Try to remember the 2017 NBA Finals.
Need some help? Here’s the most iconic moment from that series:
That entire season pretty much went according to the NBA scriptwriter’s plan: A year after LeBron Jamss and the Cavs 3-1’d their way into the history books, Kevin Durant bolted for Oakland to help the Warriors dominate for the entire season. The playoffs would then roll by as a formality, with a collision course in the Finals perfectly set up between your dad’s favorite face team and your brother’s favorite player.
The only hope the field had to oust the dynastic Warriors was LeBron ascending into a Christ-like immortality in the NBA Finals.
It didn’t happen. The Warriors swept the floor, left a spot, then came back and finished a gentleman’s sweep.
Lost within the depths of the overflowing memory bank of us everyday content consumers is that there was a second potential-Jesus that year. A cornrows-ed Jesus. A Jesus that chose to never preach at all because he just refused to utter any words.
Yet, everything about his on-court ability demanded at least marginally equal attention to that of his much more lauded Eastern Conference facsimile. And while the 2017 version of the Warriors will probably never admit it, he scared them. Or at the very least, his presence made them tense.
That was Kawhi Leonard: the part-robot, part-monster that no one in the league could fully comprehend. And he was the star of the San Antonio Spurs, the NBA’s first ever cult. They knew how to maximize both Kawhi’s basketball skills and monotonous personality. It was a match made in heaven.
So when the Warriors met Kawhi and the Spurs in the 2017 Conference Finals, they had no choice but to just… injure him.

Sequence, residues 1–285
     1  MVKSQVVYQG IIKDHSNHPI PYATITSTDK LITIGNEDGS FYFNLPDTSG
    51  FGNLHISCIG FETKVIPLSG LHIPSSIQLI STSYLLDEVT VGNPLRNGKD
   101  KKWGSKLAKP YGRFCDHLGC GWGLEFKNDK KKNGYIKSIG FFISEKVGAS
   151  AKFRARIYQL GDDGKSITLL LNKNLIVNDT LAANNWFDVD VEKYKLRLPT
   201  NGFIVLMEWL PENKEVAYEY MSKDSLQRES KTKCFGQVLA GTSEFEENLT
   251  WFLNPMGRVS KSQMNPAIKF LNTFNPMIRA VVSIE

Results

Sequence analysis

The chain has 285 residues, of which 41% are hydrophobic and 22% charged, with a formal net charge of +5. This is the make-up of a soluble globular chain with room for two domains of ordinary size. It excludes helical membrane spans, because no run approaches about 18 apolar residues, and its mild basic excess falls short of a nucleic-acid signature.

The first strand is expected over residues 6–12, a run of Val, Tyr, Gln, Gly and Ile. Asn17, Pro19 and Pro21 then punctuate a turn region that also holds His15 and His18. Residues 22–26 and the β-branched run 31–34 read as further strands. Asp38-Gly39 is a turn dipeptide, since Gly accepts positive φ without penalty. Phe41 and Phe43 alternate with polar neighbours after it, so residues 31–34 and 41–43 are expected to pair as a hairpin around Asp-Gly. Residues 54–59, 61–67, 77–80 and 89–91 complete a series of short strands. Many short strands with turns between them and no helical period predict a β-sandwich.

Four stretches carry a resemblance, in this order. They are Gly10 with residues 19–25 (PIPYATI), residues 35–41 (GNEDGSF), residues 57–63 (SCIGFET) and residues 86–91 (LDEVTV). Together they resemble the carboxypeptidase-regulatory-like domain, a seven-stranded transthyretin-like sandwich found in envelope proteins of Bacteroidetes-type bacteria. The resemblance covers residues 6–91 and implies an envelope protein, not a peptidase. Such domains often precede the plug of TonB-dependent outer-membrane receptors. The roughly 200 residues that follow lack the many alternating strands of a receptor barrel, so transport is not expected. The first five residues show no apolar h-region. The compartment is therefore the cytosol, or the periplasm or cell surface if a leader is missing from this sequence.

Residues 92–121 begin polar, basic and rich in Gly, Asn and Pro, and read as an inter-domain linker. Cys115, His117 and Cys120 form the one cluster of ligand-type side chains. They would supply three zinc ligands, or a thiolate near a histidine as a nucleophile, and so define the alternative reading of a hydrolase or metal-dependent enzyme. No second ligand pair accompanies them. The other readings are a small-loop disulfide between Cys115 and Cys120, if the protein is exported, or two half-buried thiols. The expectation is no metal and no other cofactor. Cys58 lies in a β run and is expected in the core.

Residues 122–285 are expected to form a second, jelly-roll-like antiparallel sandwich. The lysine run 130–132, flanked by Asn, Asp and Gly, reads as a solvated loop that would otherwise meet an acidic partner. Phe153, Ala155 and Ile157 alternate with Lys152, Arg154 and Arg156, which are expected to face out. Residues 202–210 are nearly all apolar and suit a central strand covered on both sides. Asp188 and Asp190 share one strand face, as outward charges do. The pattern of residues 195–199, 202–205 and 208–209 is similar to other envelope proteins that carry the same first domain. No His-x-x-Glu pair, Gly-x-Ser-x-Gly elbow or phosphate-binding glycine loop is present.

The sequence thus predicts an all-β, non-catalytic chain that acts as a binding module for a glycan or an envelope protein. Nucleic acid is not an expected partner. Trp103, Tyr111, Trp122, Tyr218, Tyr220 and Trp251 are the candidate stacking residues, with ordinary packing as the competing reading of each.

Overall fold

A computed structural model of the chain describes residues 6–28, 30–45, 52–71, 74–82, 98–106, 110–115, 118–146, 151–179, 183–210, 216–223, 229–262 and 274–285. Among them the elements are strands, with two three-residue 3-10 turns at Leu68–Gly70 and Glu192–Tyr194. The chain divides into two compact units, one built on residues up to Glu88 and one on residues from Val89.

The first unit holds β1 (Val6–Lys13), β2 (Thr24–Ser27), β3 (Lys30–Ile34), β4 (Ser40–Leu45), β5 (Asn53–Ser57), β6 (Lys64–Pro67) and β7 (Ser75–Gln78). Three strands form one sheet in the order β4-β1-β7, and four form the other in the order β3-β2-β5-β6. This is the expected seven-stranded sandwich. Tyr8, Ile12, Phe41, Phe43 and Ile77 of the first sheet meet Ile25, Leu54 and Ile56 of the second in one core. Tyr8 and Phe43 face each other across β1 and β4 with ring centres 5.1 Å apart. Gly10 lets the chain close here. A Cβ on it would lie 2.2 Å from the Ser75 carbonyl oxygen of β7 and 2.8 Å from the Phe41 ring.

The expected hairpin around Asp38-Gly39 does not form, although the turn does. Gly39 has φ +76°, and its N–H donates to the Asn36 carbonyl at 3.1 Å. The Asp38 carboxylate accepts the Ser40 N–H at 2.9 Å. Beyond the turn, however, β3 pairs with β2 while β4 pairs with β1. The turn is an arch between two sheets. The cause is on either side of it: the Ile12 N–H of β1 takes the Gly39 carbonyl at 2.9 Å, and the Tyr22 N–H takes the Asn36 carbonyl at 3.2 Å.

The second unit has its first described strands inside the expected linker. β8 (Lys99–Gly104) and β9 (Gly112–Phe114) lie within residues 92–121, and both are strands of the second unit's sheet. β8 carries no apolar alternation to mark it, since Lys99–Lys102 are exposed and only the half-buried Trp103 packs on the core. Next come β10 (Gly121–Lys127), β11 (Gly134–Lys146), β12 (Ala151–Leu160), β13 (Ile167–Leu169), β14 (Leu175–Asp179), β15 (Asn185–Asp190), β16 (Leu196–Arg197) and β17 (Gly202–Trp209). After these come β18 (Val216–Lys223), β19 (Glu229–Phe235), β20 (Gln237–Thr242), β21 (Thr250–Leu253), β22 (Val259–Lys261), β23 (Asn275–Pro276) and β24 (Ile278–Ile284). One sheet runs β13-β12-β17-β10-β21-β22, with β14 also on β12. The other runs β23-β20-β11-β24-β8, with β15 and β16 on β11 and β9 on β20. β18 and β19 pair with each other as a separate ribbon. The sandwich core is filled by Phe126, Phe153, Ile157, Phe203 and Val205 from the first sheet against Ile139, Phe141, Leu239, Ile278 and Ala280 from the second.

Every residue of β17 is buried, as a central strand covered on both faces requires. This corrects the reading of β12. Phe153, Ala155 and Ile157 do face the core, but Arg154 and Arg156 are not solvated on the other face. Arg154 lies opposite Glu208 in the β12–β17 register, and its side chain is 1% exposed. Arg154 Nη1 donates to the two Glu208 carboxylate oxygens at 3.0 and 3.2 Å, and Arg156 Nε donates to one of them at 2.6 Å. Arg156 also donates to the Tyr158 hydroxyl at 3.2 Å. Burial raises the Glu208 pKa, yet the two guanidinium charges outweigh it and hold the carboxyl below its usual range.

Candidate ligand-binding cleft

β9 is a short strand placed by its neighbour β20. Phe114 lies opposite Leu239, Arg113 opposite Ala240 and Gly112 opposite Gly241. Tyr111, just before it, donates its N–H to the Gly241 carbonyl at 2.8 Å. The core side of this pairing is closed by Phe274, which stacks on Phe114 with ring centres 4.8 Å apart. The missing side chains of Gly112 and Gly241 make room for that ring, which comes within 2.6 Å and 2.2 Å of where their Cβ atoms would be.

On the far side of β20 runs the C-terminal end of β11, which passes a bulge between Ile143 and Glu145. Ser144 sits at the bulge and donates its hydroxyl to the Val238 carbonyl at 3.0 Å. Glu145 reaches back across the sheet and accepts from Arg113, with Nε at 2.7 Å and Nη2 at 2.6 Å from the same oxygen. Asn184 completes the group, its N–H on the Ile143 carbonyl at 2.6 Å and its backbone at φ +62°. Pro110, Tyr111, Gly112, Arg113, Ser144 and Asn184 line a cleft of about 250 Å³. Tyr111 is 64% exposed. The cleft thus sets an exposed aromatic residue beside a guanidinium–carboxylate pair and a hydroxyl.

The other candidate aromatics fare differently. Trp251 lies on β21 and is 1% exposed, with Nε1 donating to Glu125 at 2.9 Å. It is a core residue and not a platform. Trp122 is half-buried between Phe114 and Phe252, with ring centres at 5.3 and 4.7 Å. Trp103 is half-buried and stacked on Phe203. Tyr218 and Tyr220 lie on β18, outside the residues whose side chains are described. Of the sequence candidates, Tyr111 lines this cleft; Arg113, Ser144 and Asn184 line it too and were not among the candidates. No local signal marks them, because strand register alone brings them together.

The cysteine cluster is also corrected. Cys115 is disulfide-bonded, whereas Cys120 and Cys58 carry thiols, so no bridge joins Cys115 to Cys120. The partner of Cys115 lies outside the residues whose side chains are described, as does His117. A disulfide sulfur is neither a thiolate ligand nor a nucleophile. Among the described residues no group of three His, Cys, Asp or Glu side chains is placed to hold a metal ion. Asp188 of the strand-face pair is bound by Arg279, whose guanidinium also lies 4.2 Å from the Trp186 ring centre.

I’m kidding. Ish. Kind of. The jury is still out on this, okay. But let’s move on.
That right ankle injury proved to be the beginning of the mysterious break-up between Kawhi and the San Antonio Spurs. He played just nine games in the 2017-2018 season, with people from ‘his camp’ saying he couldn’t play despite being cleared by the Spurs’ team doctors.
This caused growing tension behind the scenes in the generally cordial Spurs locker room, especially sinceLeonard was under contract for just one more season, and it seemed less and less likely he’d stay in Texas. And with the ambiguity surrounding Kawhi, his stock was at an all-time low.
In the summer of 2018, Kawhi was shipped North of the Border at the expense of the most beloved player in Raptors franchise history, DeMar DeRozan. Majority of the Raptors fan base went on a tirade — disgruntled that the team could cut ties so easily with the man that cemented Toronto on the NBA map. DeRozan’s best friend and longtime co-star, Kyle Lowry, was also clearly upset with the front office about the deal (and he probably still was until about a month ago).
But such emotional gut-punches are commonplace in the Raptors’ organization. They dealt with Vince Carter, Tracy McGrady and Chris Bosh’s departures. They dealt with sixth-seeded Brooklyn defeating them in Round 1 in 2014. They dealt with Paul Pierce returning with the Wizards and sweeping them in Round 1 in 2015. They dealt with LeBron taking complete ownership of the team from 2016-2018. And on top of those were the countless absolutely agonizing Game 1 losses in every single playoff series they seemed to enter.